Every time you start a sentence with “Yes, but,”—no matter how many nice or diplomatic words you include to acknowledge the other person’s feelings—the message is “You are wrong.”

4) Inability to praise or reward, and failure to express gratitude

It’s not that we cannot praise or reward, it’s often just overlooked. We almost expect something to be done correctly and efficiently so that when it happens it is not even noticed. A simple “thank you” or “good job” goes a long way to improve morale, and it doesn’t cost a penny.

5) Need to deflect blame from ourselves and onto events and people from our past

Here are three fairly classic quotes heard from colleagues:

  • “I’m always late. I’ve been running late my whole life.”
  • “I can’t praise my staff because I wasn’t brought up that way.”
  • “I am just not good at small talk.”
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If you keep repeating similar sentences to yourself often enough (sometimes over a lifetime), they become self-fulfilling prophecies. But that doesn’t excuse the flawed behaviors. Clinging to your past makes changing difficult.

6) Inability to take responsibility for our actions, and a need to blame anyone but ourselves.

Here are three common quotes heard at clinics.

  • “These clippers always cut my patient when I use them.” The fact is that some veterinary technicians can do a perfect “clip job” no matter how bad the clippers supposedly are. More often than not, the issue is the user. Hint: The blade should be parallel to the skin.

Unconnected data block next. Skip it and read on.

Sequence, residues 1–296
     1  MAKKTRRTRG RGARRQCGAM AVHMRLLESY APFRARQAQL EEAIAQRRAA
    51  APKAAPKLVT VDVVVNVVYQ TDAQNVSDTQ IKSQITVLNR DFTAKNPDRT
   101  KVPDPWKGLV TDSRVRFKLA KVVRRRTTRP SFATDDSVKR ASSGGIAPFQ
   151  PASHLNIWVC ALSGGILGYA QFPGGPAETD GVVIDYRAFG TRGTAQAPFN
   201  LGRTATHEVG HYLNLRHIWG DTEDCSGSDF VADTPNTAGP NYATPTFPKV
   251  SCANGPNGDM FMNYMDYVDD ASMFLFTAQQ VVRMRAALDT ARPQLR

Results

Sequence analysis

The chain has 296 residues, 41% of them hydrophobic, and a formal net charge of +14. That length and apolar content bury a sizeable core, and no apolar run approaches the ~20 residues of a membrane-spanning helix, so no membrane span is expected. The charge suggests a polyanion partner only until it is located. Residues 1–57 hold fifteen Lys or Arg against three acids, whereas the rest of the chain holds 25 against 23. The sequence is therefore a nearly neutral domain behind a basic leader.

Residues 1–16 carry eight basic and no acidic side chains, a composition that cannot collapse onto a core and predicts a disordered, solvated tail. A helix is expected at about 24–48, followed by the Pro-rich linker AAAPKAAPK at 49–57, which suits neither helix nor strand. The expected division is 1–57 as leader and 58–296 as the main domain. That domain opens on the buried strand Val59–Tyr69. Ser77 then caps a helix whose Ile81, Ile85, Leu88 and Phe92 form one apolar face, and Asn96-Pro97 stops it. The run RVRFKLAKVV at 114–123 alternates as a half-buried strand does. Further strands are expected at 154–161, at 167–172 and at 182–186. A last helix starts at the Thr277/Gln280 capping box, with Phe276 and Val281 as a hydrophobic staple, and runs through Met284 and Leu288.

• “This anesthesia monitor hates me.” Many practices seem to have one technician who always figures out what is wrong with presumably faulty equipment. Blaming a monitoring device is often an excuse or a lack of training in troubleshooting.
  • “I’m late because of traffic.” The funny thing is, the distance between your house and the clinic never changes. So rather than blaming traffic, we should acknowledge that we left home late—yet again—and we should leave home five or 10 minutes earlier from now on. And maybe not stop to get coffee when we’re already late.

7) Not listening

A classic example of this common behavior is when a doctor tries to explain a specific way to take an X-ray and the technician rolls her eyes, sighs or taps her fingers because she thinks she knows how to do it.

If you like these seven examples, you can read about 13 more in Goldsmith’s book. The problem with these behaviors, at work or at home, is that most of the time we can’t see them in ourselves, although we’re great at noticing them in others.

Once you become aware of one of those flaws, whether on your own or with somebody else’s help, be thankful. Acknowledge the issue, agree that it should be eradicated and commit to changing your ways.

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The flaw is not a reflection on your technical skills, which again are probably great by the time you reach your position or level of expertise. The issue is merely a reflection on your interpersonal behavior.

Change the behavior and become even greater than you already are.

Dr. Phil Zeltzman is a board-certified veterinary surgeon and author. His website is www.DrPhilZeltzman.com. 

Originally published in the November 2016 issue of Veterinary Practice News. Did you enjoy this article? Then subscribe today!